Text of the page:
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U.S. Department of State

Diplomacy in Action

Chapter 4: One Final Word


In this chapter, readers will have found little explicit reference to skill development in students or to professional development in teachers. This is because we see both as an integral part of the inclusive class: skill development is embedded in the delivery of academic content and professional development is an ongoing, vibrant force that results from the active teaching that is required.

In the example from our Theory of Knowledge class where students built three-dimensional models to represent their concepts of historical knowledge, students synthesized knowledge in an inductive process. They recalled associations, terms and phrases to do with history, then compared similarities and differences in recollections to those of their peers within the group, all the while learning and remembering other words. Students then went on to sort their information into chunks, developing categories of knowledge and evaluating decisions for clustering specific ideas together. Finally, as their 3-D representations of historical knowledge were constructed, students created new and personal knowledge at the level of metaphoric thinking: "History is like a starburst, e.g., take the US Embassy bombings in Dar es Salaam and Nairobi. The event takes place and then all the possible investigations radiate outwards from it. Each of the rays of the starburst represents aspects of the historian's work. It is the historian's job to evaluate data, identify bias and judge the reliability of sources. He then has to develop an interpretation. Much of the interpretation will depend on the data he has selected, interacting with his own prior knowledge, experiences and emotions that have developed up to the point of the incident."

The same class also provided us as teachers with an opportunity for reflection and professional growth. We had gone into class with detailed lesson plans ready: the 3-D model was the culminating activity of the 80 minute class as well as of the unit on historical knowledge. Aside from the curricular objectives for students, we were working on our own professional agendas as well, to further develop our own craft as teachers. Specifically, we were interested in:

• Developing precision with language in communicating instructions; and
• Refining the timing/pacing of lessons and activities.

After taking the students through the first 40 minutes, we launched into the 3-D model activity, passing out index cards to each student with the instructions, "What do you think of when you hear the word 'history?' Write down on each index card the words or phrases that come to mind when you hear the word history." Some students immediately began writing and simultaneously, other students' hands shot up in the air. "Do you mean we should write a definition of history?" "How many words do you want on each card?" (This was a good question, as we had not specified that we only wanted one word or phrase per card.) "How many index cards do you want?" "Do you want everything we know about history on one card?" Clearly, the instructions were not sufficiently precise.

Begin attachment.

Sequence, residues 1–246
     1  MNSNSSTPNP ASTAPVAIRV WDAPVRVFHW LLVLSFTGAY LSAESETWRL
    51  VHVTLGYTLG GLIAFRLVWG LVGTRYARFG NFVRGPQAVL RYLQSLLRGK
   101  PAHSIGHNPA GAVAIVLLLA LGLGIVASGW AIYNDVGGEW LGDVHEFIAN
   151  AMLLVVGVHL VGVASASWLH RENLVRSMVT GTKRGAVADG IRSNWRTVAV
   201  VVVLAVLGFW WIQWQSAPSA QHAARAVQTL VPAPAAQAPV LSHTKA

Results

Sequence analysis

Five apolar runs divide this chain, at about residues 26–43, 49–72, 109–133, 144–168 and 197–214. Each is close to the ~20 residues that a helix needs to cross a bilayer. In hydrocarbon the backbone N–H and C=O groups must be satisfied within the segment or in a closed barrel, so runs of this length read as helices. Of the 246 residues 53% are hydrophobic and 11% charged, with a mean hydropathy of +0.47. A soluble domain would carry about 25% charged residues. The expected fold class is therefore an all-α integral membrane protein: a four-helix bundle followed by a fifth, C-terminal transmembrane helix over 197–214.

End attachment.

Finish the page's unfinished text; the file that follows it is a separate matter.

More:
We had already announced several weeks before that as teachers, we were working on our pacing and had asked students to give feedback as to how we were doing - were we providing sufficient processing time for each activity? As simple as it sounds, pacing requires ongoing, dynamical assessment of multiple features of classroom life: • What moods are the students in that day?

           • Is it an early morning class or is it late in the day?
                                     • How are students interacting with each other?
                                     • How is my mood affecting student learning?

• How are students reacting to the material?

                       • Do they understand the material? (How can I tell?)
                       • Which ideas excite/frustrate/interest or bore them?
                       • Have I facilitated a hook into prior knowledge or found some other way to help them understand
                         the relevance of the material?

• How are students responding to the planned activity?

                       • Have I given them enough time to process the material and conduct the activity?
                       • Do students consider they have had enough time?
                       • What needs to change immediately in my presentation style to re-engage students?

Assessing these multiple features will allow teachers, particularly those who are task-oriented, to strike the balance between presenting content and providing time for students to process content and conduct individual inquiry.

As a result of our work on pacing, we have come to develop more fully and use more frequently the strategy of "signal time." This is the strategy wherein students are asked, ahead of the planned end of the activity, to signal by way of holding up their fingers, how many more minutes they need to complete their work. This simple strategy serves several purposes: it reduces stress by allowing students to have input into the time remaining; it keeps students focused, knowing that time is finite (and they have had a stake in determining that time); and finally, it informs students that the class is about to go into a transition period, perhaps with a class presentation or a new activity. This is congruent with the principles of brain-based learning outlined at the beginning of the chapter.

With carefully crafted instruction in the inclusive classroom, teachers and students become partners in learning.

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